Tag Archives: stressed

The Holiday Season

Long View: Did You Thrive or Survive this Holiday Season?

Here at Health Alliance, we’ve made it through another holiday season. Most years I’m stressed from Thanksgiving through New Year’s Day. Add in Medicare and Individual enrollment seasons, and it’s easy to wish the holidays away. Here are some ways I managed to thrive, not just survive, during the holidays.

I need to say no sometimes.

I didn’t attend every activity I was invited to, and I am a better person for it. Most years, I cause a lot of my own stress by trying to fit too many things on the calendar. Setting aside some time to relax and reflect became an important part of this round of celebrations. Try it. You might enjoy the things you agreed to do a little more.

I need to get over myself.

I don’t have to be involved in every decision. All the adults in my life are capable of selecting a turkey or picking up family from the airport. My involvement is not only unnecessary, but sometimes unwelcome. That realization took stress off me and my family!

I will not whine.

The grocery stores seemed to be crowded every time I needed to shop. Long lines, people rushing around, tempting candy displays—you know the scene. Every time I was close to whining, I remembered almost 20 percent of the population in Champaign County doesn’t know where their next meal is coming from. We can all stand in line without complaining. This gave me a much better attitude throughout the holidays.

I will not mention how cold it is outside.

I need to hunker down and stop focusing on the weather. We live in Illinois, not Hawaii. The weather is no surprise. I’m trying to focus on the warmth of the holidays, not the cold outside.

These little steps helped me have a more enjoyable holiday season. We’re also using them to get through our Health Alliance busy season with great results. Give them a try and you can thrive during the holidays, too.

 

Patrick Harness is a community liaison with a long history of experience in health insurance. If you ask him to pick a color, he always chooses orange, and he is known for his inability to parallel park.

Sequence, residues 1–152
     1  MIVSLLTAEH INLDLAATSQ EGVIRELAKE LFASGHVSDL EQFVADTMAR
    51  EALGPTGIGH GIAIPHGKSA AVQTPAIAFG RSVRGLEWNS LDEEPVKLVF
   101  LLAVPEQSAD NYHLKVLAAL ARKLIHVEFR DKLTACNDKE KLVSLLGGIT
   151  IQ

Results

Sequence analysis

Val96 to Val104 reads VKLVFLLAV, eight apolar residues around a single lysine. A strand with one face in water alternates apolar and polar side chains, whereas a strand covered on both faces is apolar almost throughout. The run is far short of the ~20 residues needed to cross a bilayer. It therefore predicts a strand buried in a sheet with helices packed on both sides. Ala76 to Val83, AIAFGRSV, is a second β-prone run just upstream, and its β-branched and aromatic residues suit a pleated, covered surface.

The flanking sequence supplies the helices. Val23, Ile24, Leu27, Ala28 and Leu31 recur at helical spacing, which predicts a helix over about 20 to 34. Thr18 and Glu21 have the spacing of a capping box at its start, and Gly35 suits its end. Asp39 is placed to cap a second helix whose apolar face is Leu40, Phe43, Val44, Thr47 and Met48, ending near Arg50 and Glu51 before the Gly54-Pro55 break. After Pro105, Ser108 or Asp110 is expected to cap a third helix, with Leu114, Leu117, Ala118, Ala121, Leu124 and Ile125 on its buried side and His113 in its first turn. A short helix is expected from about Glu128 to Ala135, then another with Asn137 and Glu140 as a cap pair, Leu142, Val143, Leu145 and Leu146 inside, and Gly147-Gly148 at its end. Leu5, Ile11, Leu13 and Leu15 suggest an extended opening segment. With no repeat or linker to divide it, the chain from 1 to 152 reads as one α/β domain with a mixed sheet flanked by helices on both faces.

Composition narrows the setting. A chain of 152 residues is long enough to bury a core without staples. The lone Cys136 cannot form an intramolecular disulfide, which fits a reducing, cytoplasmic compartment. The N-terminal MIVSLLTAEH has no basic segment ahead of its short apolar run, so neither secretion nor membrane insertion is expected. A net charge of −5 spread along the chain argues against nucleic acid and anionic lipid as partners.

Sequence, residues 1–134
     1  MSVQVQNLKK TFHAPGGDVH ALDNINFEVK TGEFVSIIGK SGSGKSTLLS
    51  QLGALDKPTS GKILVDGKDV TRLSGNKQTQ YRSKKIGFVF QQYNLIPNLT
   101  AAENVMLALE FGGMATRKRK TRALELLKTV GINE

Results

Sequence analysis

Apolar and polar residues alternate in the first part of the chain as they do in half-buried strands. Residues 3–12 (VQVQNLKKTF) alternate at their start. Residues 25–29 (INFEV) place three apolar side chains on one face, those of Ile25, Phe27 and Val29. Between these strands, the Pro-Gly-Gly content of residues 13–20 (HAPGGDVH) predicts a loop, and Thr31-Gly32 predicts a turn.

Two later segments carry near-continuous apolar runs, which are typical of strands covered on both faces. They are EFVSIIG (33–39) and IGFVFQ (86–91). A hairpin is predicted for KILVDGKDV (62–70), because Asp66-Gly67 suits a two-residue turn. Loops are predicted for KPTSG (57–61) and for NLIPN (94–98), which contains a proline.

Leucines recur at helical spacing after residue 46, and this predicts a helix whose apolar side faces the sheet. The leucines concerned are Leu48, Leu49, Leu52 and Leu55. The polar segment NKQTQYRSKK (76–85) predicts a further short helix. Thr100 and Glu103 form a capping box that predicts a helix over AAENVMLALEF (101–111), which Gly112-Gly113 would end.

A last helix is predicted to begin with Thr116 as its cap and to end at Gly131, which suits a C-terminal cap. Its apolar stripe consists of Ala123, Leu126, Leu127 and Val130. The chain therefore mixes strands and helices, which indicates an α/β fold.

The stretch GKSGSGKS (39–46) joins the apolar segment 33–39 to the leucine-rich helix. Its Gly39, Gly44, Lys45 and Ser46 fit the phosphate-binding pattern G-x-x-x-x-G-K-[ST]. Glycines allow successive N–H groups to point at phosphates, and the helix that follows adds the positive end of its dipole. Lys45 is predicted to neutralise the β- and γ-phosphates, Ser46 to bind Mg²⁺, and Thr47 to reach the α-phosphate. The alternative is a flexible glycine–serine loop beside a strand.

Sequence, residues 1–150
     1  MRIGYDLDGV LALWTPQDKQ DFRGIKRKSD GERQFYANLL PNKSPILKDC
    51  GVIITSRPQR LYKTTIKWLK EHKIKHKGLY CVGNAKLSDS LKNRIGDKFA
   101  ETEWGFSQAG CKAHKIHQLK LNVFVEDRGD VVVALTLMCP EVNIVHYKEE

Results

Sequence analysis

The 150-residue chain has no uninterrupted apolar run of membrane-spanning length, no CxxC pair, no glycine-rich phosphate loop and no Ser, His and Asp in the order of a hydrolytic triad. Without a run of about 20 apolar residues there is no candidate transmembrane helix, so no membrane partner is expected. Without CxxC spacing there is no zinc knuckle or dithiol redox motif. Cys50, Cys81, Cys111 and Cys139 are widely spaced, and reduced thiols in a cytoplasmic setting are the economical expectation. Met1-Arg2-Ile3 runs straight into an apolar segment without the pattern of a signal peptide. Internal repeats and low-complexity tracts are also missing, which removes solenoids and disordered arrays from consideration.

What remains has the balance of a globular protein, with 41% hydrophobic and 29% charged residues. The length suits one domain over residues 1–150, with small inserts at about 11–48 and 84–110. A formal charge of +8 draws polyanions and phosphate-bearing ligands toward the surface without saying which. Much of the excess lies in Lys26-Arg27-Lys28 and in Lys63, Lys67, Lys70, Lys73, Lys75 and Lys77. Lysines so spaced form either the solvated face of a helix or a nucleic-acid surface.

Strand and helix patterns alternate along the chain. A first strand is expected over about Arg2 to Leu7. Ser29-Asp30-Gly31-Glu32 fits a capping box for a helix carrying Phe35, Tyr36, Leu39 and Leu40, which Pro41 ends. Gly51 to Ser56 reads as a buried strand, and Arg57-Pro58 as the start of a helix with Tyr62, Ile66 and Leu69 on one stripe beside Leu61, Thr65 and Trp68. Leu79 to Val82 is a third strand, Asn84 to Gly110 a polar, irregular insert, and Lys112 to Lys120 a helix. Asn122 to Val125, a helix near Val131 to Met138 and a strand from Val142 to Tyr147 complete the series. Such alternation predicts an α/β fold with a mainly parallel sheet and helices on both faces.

Learn About Tobacco and High Blood Pressure

Tobacco and Your Heart

Tobacco and High Blood Pressure

When you think about the damage tobacco does, you worry about your lungs and mouth. But when you combine tobacco and high blood pressure, it can be hurting you in more ways than you know.

There’s a common belief that chewing tobacco isn’t as bad for you as smoking is, but it can also cause serious health problems. Smokeless tobacco increases your heart rate and blood pressure. Some evidence suggests these products may put you at an increased risk of heart attack or stroke.

Chewing tobacco will still get you hooked on nicotine, the same way cigarettes do. Once you’re addicted, it becomes difficult to stop. Just like with smoking, withdrawals cause intense cravings, make you hungrier, and make you more irritable and depressed.

But the stimulants in all forms of tobacco can have this effect on your blood pressure. The best thing you can do for your heart is quit tobacco completely.

Help Quitting

The first step to quitting is really wanting to quit. These tips can help you get started:

  • Make a list of your reasons for quitting.
  • Set a quit date.
  • List what might stop you from staying tobacco-free. Do you smoke when you’re stressed, hungry, or when you go out with friends?
  • Plan ways to fight it in those moments.
  • Ask family, friends, and your doctor for help.

Our members can also use our Quit For Life program for help . This program helps you break tobacco’s mental and physical hold. You’ll get:

  • One-on-one coaching from a quit coach
  • A quit plan made just for you
  • Helpful tools, like Text2Quit
  • Web Coach®, an online learning and support community

It’s never too late to quit. For more information, visit QuitNow.net or call 1-866-QUIT-4-LIFE (1-866-784-8454).